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Tuesday, September 17, 2013

The Caveman Speaks

An interview with John Durant

John Durant is the author of the new book The Paleo Manifesto, in which he advocates using evolutionary principles to combat the epidemic of obesity, diabetes, and other chronic health conditions. Durant studied evolutionary psychology at Harvard before moving to New York City and becoming a “professional caveman”: mimicking a hunter-gatherer diet, running barefoot through Central Park, experimenting with intermittent fasting, and doing polar bear swims in the Atlantic.
We got to sit down with John and talk about everything from being a caveman in New York, to being a libertarian at Harvard, to being a third generation FEE alumnus. 
The Freeman: Here’s the obligatory question: Can you tell us, in a nutshell, what it means to live a paleo lifestyle?
Durant: “Paleo” is short for “Paleolithic”, the 2.6 million year span when humans and our hominid ancestors lived as foragers and hunter-gatherers on the African savannah. Many modern health problems stem from a mismatch between our primal biology and our modern lifestyles. The idea behind leading a modern-day paleo lifestyle is to mimic conditions to which humans are better adapted—everything from diet and exercise to sun exposure and temperature variation. This same general approach—mimicking the natural habitat of a species—is used by all the top zoos in the world to prevent chronic health problems in captive animals. When combined with modern medical technology, you get the best of the old with the best of the new.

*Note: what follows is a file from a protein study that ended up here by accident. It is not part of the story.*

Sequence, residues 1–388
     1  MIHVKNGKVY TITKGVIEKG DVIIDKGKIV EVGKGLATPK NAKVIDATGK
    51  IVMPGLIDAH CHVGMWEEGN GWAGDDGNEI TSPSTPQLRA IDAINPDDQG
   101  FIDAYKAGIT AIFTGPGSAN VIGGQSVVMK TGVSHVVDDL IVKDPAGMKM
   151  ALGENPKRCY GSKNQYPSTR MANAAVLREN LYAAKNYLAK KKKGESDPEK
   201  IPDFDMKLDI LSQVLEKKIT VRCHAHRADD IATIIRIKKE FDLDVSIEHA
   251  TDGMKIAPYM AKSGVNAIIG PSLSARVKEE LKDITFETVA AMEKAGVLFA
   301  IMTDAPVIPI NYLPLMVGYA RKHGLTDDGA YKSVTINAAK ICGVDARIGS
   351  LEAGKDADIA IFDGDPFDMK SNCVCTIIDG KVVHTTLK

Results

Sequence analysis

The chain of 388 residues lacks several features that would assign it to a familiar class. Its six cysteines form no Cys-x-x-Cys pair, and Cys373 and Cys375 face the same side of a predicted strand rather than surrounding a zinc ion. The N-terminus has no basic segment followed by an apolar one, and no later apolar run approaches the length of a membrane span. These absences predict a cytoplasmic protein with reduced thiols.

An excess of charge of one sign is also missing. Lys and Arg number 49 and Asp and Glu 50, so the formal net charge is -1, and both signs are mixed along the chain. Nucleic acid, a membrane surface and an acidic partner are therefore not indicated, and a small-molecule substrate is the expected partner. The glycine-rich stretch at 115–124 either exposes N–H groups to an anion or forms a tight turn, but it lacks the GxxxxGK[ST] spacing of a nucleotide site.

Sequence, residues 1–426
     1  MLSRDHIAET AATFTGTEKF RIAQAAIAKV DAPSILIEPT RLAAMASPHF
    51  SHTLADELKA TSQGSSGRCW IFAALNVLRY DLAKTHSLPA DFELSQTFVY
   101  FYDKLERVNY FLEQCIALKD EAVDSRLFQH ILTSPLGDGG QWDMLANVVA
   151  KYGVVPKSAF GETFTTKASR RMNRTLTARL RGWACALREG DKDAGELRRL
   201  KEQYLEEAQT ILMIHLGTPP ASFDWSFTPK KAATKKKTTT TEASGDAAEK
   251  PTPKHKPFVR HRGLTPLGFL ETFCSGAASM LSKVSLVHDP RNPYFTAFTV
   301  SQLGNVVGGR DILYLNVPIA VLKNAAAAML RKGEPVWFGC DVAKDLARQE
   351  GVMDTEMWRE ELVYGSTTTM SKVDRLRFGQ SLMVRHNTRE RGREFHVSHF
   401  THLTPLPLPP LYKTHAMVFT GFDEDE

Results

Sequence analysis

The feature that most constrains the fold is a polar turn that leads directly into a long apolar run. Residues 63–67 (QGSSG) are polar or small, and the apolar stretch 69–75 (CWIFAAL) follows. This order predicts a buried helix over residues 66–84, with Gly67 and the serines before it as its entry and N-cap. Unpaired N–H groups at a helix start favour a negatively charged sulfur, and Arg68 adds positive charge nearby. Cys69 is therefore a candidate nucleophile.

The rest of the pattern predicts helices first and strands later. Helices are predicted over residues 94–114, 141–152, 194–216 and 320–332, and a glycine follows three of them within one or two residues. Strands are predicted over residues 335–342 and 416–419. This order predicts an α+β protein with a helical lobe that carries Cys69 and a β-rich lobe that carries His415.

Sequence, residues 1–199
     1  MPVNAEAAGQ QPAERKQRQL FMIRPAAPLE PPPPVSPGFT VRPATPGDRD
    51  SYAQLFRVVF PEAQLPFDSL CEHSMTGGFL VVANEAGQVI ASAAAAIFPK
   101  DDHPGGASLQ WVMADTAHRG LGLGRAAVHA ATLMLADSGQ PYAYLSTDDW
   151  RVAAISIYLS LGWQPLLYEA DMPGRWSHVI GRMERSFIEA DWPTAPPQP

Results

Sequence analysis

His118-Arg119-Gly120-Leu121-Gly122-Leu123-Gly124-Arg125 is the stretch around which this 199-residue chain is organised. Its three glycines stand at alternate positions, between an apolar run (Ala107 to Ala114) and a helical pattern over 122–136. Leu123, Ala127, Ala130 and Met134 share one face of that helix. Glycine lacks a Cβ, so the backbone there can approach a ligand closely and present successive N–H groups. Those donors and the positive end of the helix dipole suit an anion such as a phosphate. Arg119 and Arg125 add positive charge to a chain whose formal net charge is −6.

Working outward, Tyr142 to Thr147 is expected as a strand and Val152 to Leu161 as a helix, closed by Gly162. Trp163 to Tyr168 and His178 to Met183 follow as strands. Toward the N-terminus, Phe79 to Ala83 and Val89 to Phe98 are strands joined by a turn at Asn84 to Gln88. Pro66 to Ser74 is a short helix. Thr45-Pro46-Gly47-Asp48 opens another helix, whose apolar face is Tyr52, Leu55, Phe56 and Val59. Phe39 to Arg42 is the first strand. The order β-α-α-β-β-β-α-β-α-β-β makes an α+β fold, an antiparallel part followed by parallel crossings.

The Freeman: So how does this evolutionary perspective differ from the conventional wisdom of avoiding junk food and exercising more?
Durant: Everyone agrees on avoiding junk food. The biggest divergence with the conventional wisdom is skepticism toward grains and legumes (e.g., wheat, corn, and soy) and to a lesser extent, dairy. An evolutionary view also calls into question two common approaches to healthy eating—fat phobia and vegetarianism—since humans have been eating animals for millions of years.
But diet is just one piece of the puzzle.
Our habits and habitats have become too monotonous: constant snacking (without any periods of hunger); running at a constant pace on a treadmill (but never sprinting); living in temperature-controlled homes, offices, and cars; using indoor lighting that tricks our bodies into thinking it’s always daytime. 
Humans thrive on variation, and we’ve lost that.
The Freeman: Do you recommend that all people should live this way?
Durant: Not necessarily. Look, if you’re happy with your health, then there may be no reason change anything. Just because a food is new doesn’t necessarily mean it’s unhealthy. But many people suffer from conditions they don’t talk about at cocktail parties—depression, irritable bowel syndrome, autoimmune disorders. For those people, why not try it out and see if it works?
The alternative is usually prescription medications, which are only partially effective and come with strong side effects. Putting faith in pills is akin to a centrally planned intervention in an economy: It produces unintended consequences that are often worse than the original problem. I prefer to take personal responsibility for my health and stick to fundamentally sound principles: real food, real movement, real sun, real sleep, and real relationships. (Kind of like real money.)
The Freeman: Marlene Zuk, an evolutionary biologist, has taken some shots at paleo in her book, Paleofantasy. Is there anything you would care to say in response? 
Durant: A tweet of mine summed it up best: “Paleofantasy shouldn’t have been a book in 2013, it should have been a blog post in 2010.” Dr. Zuk’s primary points—that evolution never stopped, and that it’s an imperfect process—are fundamentally correct. But they’re also obvious and long acknowledged.